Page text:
Investigators followed the study protocol sequential dose reductions for management of adverse effects:3

  • 600 mg twice daily (usual dose)
  • 400 mg twice daily
  • 600 mg once daily
  • 400 mg once daily

Management of AEs according to study protocol:3

  • For specific grade 3 or 4 hematological toxicities (grade 4 anemia, grade 4 neutropenia ≥8 days, grade 3 or 4 febrile neutropenia, grade 3 thrombocytopenia with bleeding, and grade 4 thrombocytopenia), hold until ≤ grade 1 or return to baseline, then decrease 1 dose level.
  • For other grade 3 or 4 hematologic toxicities, hold until ≤ grade 1 or return to baseline and may resume at the same dose level.
  • For specific grade 3 or 4 GI-related TRAEs (grade 3 nausea >72 hours, grade 3 or 4 vomiting >24 hours, grade 3 diarrhea >48 hours despite therapy), hold until ≤ grade 1 or return to baseline then decrease 1 dose level. For grade 4 diarrhea, despite therapy discontinue study treatment.
  • For grade 3 increased AST or ALT, hold until ≤ grade 1 or return to baseline then decrease 1 dose level. Discontinue treatment for grade 4 elevated ALT, AST.
  • For grade 3 or 4 creatinine increased ≤ 22 days, hold until ≤ grade 1 or return to baseline then decrease 1 dose level or resume at same dose. For grade 3 or 4 creatinine increased > 22 days, discontinue treatment.
  • For QTcF prolongation> 500 msec and increase >60 msec on at least 2 ECGs> 22 days, discontinue study treatment.
  • Decrease in LVEF ≥20% from baseline and below LLN or symptomatic left ventricular systolic dysfunction, discontinue treatment.
  • For grade 2 pneumonitis, hold until ≤ grade 1 or return to baseline if treatment is resumed decrease by 1 dose level lower. For grade 2 recurrent pneumonitis, discontinue study treatment.

Drug Interactions

Adagrasib is metabolized by CYP3A4.3 Patients on strong CYP3A4 inducers or inhibitors were switched to an alternative medication or obtained the study monitor approval.

Adagrasib is a potential inhibitor of P-gp and CYP2B6, CYP2C9, and CYP3A4. In the clinical trial, drugs with a narrow therapeutic indices that are P-gp or CYP2B6, CYP2C9, or CYP3A4 substrates were used with caution. Patients were also instructed to avoid grapefruit juice, curcumin, and St John’s Wort during the treatment period.3

In the phase 2 KRYSTAL cohort A, patients avoided medications with QTc prolonging activity. Female patients on hormonal contraceptives were monitored closely for signs of thrombotic events due to the potential of adagrasib to inhibit CYP3A4 and increase exposure to hormonal contraceptive levels.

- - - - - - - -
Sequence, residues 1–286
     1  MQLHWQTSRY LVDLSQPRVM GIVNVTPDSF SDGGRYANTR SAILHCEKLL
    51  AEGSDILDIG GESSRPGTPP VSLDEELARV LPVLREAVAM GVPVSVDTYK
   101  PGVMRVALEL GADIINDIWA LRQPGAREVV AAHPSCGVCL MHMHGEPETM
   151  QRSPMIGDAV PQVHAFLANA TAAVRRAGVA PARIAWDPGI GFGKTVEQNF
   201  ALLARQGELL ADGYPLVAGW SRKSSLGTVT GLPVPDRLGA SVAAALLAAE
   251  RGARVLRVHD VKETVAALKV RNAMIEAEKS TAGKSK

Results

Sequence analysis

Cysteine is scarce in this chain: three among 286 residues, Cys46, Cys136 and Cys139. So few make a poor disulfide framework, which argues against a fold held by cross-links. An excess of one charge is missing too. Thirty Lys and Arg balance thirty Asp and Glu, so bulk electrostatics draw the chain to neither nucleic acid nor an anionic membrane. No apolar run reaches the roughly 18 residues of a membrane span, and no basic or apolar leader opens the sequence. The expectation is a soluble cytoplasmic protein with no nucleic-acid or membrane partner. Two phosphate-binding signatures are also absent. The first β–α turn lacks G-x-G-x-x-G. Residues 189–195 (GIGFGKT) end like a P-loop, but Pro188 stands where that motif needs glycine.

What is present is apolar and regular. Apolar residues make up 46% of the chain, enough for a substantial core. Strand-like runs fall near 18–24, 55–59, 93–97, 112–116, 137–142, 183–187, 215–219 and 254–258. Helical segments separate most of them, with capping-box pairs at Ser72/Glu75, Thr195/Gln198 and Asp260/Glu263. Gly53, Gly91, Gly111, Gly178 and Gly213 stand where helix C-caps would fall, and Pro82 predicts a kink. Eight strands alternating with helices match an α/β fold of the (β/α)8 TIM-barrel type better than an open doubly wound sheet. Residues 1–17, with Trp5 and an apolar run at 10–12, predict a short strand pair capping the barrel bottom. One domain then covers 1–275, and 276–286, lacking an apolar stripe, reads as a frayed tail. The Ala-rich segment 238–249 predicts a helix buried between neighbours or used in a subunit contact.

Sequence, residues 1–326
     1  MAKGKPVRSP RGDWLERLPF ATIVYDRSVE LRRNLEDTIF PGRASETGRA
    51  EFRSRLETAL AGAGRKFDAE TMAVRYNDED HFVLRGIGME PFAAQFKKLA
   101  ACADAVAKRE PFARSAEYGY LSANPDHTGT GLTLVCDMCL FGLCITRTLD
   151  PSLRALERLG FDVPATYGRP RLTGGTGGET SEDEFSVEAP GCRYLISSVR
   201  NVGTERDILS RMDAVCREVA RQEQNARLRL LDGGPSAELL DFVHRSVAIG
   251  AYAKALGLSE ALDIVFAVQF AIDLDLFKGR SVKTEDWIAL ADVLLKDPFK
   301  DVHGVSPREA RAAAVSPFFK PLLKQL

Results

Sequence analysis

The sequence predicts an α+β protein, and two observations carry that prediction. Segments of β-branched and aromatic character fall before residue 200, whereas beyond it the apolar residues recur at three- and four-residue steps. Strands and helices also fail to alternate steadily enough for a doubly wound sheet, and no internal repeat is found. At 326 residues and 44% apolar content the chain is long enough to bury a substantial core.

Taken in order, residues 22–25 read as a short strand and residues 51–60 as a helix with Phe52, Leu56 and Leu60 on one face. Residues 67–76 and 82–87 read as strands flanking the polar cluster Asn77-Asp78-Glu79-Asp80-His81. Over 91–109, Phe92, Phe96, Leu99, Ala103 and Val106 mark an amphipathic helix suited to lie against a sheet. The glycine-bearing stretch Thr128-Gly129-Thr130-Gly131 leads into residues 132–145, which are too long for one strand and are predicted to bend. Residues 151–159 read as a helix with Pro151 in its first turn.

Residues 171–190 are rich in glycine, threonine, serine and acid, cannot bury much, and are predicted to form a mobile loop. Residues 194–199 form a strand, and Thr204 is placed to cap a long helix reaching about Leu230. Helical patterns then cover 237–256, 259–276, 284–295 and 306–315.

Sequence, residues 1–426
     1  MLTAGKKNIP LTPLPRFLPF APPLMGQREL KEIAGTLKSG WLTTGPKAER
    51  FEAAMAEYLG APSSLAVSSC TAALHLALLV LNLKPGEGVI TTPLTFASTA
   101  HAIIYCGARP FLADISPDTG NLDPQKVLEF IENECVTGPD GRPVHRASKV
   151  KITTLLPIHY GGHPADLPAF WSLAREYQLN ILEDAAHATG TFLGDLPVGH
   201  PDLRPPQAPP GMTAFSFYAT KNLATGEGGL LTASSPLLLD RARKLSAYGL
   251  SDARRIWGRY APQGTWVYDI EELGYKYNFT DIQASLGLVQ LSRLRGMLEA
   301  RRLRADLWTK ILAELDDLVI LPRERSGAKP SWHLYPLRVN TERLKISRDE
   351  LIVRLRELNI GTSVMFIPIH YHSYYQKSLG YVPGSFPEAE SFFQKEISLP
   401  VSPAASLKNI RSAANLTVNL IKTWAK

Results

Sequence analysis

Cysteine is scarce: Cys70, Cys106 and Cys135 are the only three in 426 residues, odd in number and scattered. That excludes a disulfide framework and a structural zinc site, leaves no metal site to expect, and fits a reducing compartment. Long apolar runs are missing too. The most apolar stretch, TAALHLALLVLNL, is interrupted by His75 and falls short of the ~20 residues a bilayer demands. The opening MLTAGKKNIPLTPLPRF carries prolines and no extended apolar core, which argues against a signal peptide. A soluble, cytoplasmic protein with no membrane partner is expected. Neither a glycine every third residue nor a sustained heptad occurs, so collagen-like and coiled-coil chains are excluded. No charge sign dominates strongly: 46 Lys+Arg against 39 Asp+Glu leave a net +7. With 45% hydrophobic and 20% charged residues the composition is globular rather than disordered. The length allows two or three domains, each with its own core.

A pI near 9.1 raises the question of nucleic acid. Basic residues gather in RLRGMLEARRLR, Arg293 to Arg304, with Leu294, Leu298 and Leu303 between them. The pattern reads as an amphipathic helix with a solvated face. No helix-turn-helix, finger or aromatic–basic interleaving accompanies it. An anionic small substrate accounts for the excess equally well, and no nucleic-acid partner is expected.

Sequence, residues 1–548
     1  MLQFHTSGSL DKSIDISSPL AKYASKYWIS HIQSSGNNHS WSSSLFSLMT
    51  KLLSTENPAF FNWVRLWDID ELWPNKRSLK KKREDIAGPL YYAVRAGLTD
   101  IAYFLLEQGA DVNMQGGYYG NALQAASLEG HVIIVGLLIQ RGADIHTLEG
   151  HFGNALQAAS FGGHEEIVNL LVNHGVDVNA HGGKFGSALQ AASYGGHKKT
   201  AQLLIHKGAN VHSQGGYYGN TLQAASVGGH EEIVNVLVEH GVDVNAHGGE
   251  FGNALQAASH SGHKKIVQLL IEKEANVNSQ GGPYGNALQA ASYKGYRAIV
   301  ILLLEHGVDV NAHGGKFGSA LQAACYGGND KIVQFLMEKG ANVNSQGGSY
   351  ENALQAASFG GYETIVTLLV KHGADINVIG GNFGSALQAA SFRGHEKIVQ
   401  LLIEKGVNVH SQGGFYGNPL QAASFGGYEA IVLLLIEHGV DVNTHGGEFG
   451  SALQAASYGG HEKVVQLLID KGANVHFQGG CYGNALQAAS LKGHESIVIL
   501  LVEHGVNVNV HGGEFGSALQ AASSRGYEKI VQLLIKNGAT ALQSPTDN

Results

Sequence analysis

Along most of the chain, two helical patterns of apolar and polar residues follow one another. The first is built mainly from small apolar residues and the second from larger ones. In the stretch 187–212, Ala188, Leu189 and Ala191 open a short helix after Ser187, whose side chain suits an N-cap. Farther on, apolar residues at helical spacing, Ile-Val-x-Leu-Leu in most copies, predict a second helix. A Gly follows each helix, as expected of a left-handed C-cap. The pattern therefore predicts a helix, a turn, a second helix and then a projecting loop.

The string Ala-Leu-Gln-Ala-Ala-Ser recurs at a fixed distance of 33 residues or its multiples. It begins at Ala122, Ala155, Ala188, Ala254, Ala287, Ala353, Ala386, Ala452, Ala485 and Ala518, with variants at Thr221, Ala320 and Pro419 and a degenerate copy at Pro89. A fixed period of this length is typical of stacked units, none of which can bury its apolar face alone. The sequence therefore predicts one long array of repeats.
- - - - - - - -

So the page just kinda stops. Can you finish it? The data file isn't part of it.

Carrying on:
Concomitant medications

Antacids should be administered 2 hours before and more than 2 hours after adagrasib dose (adagrasib solubility is maximal at low pH). H2 antagonist should be administered 2 hours after adagrasib dosing. Patients should not take proton pump inhibitors during adagrasib treatment and for 7 days before.3

Study protocol recommendations for anti-emetics include using a medication without QT prolongation. If an alternative is not available, oral ondansetron 4 mg every 6 hours for a daily total dose of 16 mg is permitted in patients without underlying cardiac issues.3

Warnings and Precautions

Patients with cardiac abnormalities of unstable angina pectoris, congestive heart failure ≥ NYHA class 3, and QTc >480 msec or family history or medical history of Long AT Syndrome were excluded from the study.3

Prescribers should monitor patients for hepatotoxicity due to the potential for increased liver enzymes, and should monitor for new or worsening pulmonary symptoms because pneumonitis is a reported TRAE.

About the Author

Bisni Narayanan, PharmD, MS, works as a Supervisor for Pharmacy Operations at the Outpatient Pharmacy Services, an integrated specialty pharmacy embedded within the Yale New Haven Health System.

References

  1. Reck M, Carbone DP, Garassino M, Barlesi F. Targeting KRAS in non-small-cell lung cancer: recent progress and new approaches. Ann Oncol. 2021;32(9):1101-1110.
  2. U.S. Food and Drug Administration (FDA) Accepts Mirati Therapeutics' New Drug Application for Adagrasib as Treatment of Previously Treated KRASG12C-Mutated Non-Small Cell Lung Cancer. Mirati Therapeutics. News release. Feb 15, 2022. Accessed June 11, 2022. Mirati Therapeutics Inc. - U.S. Food and Drug Administration (FDA) Accepts Mirati Therapeutics' New Drug Application for Adagrasib as Treatment of Previously Treated KRASG12C-Mutated Non-Small Cell Lung Cancer
  3. Jänne PA, Riely GJ, Gadgeel SM, et al. Adagrasib in Non-Small-Cell Lung Cancer Harboring a KRASG12C Mutation [published online ahead of print, 2022 Jun 3]. N Engl J Med.
  4. Investigational adagrasib delivers positive results in registration-enabling study of patients with KRASG12C-mutated advanced non–small cell lung cancer. Mirati Therapeutics. News release. May 26, 2022. Accessed June 11, 2022. Mirati Therapeutics Inc. - Investigational Adagrasib Delivers Positive Results in Registration-Enabling Study of Patients with KRASG12C-Mutated Advanced Non-Small Cell Lung Cancer